I use the modes to keep track of where I am on the fretboard but they sure aren''t very musical and I am always trying to figure out which mode/ or scale to play over this key to make it sound more musical

Modes are NOT extensions of their relative major or minor scales! "Modes" refer to a compositional approach that is totally distinct and separate from major and minor keys. In a modal (as opposed to tonal) environment, the harmony is controlled by the available notes as they relate to the tonal center. Instead of tonic, subdominant, and dominant, the only harmonic functions are tonic and cadence.

It sounds like you're not using "modes" but simply different positions of the major and minor scales on the fretboard. This is not the same thing. It seems like mentioning modes did in fact confuse you.

What do you mean "modes, licks, and intervals aren't seeming to cut it."? What else do you think is out there? There are 12 notes in western music and only so many ways to organize them. It's on you to practice and train your ear; then you'll be able to play what you want to hear.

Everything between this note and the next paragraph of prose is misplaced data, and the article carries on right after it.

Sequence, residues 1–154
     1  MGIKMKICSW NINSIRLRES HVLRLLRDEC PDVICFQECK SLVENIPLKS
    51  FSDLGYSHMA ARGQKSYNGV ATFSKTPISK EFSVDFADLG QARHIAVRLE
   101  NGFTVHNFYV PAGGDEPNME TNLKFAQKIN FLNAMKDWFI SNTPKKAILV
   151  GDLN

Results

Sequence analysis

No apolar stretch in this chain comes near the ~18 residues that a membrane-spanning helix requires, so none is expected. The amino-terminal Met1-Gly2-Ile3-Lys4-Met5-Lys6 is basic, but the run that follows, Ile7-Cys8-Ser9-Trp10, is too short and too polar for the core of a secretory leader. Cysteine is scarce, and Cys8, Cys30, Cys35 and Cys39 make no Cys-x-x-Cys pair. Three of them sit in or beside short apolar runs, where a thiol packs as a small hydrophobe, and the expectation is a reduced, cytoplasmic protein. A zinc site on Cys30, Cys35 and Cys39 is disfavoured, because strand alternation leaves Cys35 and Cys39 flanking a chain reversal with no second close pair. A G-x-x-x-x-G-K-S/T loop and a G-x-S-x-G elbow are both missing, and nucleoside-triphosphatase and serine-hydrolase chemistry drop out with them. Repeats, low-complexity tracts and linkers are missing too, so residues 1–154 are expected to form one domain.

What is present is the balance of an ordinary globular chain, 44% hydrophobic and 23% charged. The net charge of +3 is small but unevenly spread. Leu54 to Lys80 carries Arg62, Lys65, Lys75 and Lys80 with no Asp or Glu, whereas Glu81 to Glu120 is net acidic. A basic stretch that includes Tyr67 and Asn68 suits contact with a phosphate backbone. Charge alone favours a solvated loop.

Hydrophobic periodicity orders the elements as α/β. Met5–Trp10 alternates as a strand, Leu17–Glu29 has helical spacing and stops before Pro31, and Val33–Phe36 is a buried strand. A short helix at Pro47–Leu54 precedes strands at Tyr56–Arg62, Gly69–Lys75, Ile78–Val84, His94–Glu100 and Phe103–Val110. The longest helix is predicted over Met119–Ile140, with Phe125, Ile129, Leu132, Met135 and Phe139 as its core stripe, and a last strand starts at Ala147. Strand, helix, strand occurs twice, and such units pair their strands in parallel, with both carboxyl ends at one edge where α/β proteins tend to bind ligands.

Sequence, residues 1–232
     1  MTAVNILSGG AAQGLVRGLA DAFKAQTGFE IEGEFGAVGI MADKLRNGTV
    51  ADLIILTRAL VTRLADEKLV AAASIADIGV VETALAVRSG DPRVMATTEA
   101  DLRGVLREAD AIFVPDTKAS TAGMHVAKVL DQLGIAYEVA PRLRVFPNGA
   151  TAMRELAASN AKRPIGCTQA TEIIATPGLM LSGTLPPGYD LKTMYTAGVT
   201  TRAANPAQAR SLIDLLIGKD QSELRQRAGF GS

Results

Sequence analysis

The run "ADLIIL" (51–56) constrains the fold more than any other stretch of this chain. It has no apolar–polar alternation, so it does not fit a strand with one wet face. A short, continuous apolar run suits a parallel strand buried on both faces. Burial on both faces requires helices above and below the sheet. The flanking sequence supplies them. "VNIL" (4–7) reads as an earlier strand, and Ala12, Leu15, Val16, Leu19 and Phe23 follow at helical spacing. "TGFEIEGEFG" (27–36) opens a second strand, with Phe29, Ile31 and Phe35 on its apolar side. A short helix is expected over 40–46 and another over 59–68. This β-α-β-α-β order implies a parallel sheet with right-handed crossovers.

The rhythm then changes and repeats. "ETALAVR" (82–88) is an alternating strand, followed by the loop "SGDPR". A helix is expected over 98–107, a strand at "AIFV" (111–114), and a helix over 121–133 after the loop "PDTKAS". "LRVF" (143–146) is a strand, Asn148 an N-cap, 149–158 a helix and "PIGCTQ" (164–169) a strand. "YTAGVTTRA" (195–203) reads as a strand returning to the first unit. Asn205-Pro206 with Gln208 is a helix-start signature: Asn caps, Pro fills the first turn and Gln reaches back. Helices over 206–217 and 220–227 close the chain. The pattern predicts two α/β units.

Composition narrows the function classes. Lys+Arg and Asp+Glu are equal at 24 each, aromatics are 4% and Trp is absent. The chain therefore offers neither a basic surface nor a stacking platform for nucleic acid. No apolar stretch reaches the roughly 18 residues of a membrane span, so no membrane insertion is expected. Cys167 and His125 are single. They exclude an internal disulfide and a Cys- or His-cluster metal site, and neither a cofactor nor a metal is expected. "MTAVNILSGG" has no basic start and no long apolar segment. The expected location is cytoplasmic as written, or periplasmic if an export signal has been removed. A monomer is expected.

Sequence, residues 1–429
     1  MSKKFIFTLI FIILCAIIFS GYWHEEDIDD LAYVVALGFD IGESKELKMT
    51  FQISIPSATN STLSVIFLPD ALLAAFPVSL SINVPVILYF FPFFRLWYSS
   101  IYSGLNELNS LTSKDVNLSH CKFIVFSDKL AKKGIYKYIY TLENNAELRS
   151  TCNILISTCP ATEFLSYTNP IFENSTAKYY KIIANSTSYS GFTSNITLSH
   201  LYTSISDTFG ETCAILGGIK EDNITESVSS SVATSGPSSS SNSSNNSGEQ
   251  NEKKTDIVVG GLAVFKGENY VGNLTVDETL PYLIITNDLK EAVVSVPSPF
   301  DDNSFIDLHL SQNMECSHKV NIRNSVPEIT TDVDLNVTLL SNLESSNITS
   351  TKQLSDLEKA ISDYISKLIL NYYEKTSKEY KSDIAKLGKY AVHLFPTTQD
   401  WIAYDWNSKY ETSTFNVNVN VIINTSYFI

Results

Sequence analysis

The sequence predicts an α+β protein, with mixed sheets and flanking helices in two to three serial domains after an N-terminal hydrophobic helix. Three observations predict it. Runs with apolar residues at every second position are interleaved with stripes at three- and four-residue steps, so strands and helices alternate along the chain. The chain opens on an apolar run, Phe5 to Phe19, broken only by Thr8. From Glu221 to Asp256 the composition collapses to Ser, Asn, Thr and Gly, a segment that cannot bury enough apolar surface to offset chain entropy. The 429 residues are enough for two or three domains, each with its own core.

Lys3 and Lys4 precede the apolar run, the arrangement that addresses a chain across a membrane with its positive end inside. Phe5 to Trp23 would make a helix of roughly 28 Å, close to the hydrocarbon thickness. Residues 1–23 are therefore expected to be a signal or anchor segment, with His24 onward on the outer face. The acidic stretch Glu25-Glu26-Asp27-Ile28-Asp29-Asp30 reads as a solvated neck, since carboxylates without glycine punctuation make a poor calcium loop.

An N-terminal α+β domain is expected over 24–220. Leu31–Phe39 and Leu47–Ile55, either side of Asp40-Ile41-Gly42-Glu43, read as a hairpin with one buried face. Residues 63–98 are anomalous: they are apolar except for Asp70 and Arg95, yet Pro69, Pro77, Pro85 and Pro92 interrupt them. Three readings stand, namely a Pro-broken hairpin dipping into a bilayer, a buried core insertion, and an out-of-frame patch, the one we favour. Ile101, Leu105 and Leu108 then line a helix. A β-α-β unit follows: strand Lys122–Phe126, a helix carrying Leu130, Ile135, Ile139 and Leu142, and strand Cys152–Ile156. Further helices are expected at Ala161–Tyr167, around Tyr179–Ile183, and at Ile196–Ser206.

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Old 11-27-2012, 05:49 PM   #10
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Quote:
Originally Posted by mattrusso
...because they're a totally legitimate context to explain what I'm saying?


They have nothing to do with the question on hand and are NOT a legitimate way of explaining this.
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Last edited by z4twenny : 11-27-2012 at 05:51 PM.
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Old 11-27-2012, 05:52 PM   #11
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To answer your question, all the notes will work over and Am chord; play an Am chord, an play an A, then Bb, then B, etc. See what each sounds like. Attach an emotional tag. Then bust a nut.
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Old 11-27-2012, 05:52 PM   #12
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I am using different positions of the major/minor scales on the fretboard.

I know if I play A Dorian it's just the second shape of G major and so forth.

How am I not using them correctly?


How do you get to the point that the "good" notes are preorganized so when you do a